HOLLYWOOD MOON by Joseph Wambaugh
By: Joseph Wambaugh.
Publisher: Little, Brown, 344 pages, $26.99.
Review: Wambaugh's realistic depiction of what cops do and how they work sets his crime novels apart. And his books about the cops of Hollywood Station are among his best.
Cops and crooks make for a fast, fun read
- Article by: CURT SCHLEIER
- Special to the Star Tribune
- December 26, 2009 - 5:30 PM
There are a couple of recurring themes in Joseph Wambaugh's cop fiction, including his latest, "Hollywood Moon." The first is that police officers are human. They don't solve crimes in 42 minutes (plus commercials); they have no super powers.
The second is that criminals are mostly dumb. Funny dumb. Stupid dumb. Entertaining dumb. But dumb. When Wambaugh combines cops and robbers, the results are enjoyable in an easy-reading, "I'm going to finish this faster than a felon running from a rabid K-9" way. But they also are thoughtful in that he makes clear that cops take the job for more than the money. They are dedicated and are prepared to give -- and frequently do give -- their lives.
Wambaugh's "The New Centurions," published in 1971, revolutionized police procedurals. He did for beat cops what Evan Hunter/Ed McBain's 87th Precinct police procedurals did for detectives; he wrote fiction that read and felt like nonfiction.
"Hollywood Moon" is the third of Wambaugh's novels about the cops of Hollywood Station, and in making this a series (a la Hunter/McBain), the books become superior to most of his previous fiction. The cops are less anonymous. We care more for them. And we get immediately and intimately involved in their lives from page one.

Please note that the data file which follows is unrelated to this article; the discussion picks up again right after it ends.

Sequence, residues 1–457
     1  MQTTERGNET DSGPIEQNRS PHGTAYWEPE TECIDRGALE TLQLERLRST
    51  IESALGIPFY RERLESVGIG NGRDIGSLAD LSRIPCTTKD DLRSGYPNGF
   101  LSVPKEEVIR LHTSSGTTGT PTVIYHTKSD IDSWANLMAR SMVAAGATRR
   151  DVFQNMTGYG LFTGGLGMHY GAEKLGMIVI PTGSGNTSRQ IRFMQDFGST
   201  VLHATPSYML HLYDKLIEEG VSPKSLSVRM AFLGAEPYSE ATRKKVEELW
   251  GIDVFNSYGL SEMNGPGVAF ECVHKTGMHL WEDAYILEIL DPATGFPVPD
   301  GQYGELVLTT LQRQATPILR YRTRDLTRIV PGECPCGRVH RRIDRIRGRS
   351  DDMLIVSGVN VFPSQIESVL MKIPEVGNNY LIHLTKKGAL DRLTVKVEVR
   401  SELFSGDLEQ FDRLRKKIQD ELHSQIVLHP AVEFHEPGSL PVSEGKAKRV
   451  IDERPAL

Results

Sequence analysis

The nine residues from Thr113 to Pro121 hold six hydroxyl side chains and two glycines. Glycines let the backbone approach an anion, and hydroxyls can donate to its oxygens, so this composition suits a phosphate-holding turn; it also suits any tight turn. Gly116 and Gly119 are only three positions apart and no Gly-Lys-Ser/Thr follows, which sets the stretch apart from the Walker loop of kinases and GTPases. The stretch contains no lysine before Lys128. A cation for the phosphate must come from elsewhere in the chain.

The four at the center of this story are Hollywood Nate Weiss, so called because he has a Screen Actors Guild card, his beautiful partner Dana Vaughn, and the two surfer cops known as Flotsam and Jetsam. They all take what they do very seriously, but their experiences on the job have given them a keen sense of the absurd.
They get involved with a crew of low-tech identity thieves and Malcolm Rojas, a disturbed young man with mommy issues who takes his anger out on random women. The identity thieves are run by a failed actor, Dewey Gleason, and his domineering wife, Eunice.
Eunice is the brains of the operation and keeps Dewey on a very short leash. To get away from her, Dewey hatches a scheme with two of his operatives to kidnap Eunice and force her to reveal where she hides their money. But nothing works out the way it's planned, especially when Rojas gets involved.
There's a shocker at the end. But that only adds gravitas to a novel that already brims with life.
Curt Schleier is a book reviewer in New Jersey.
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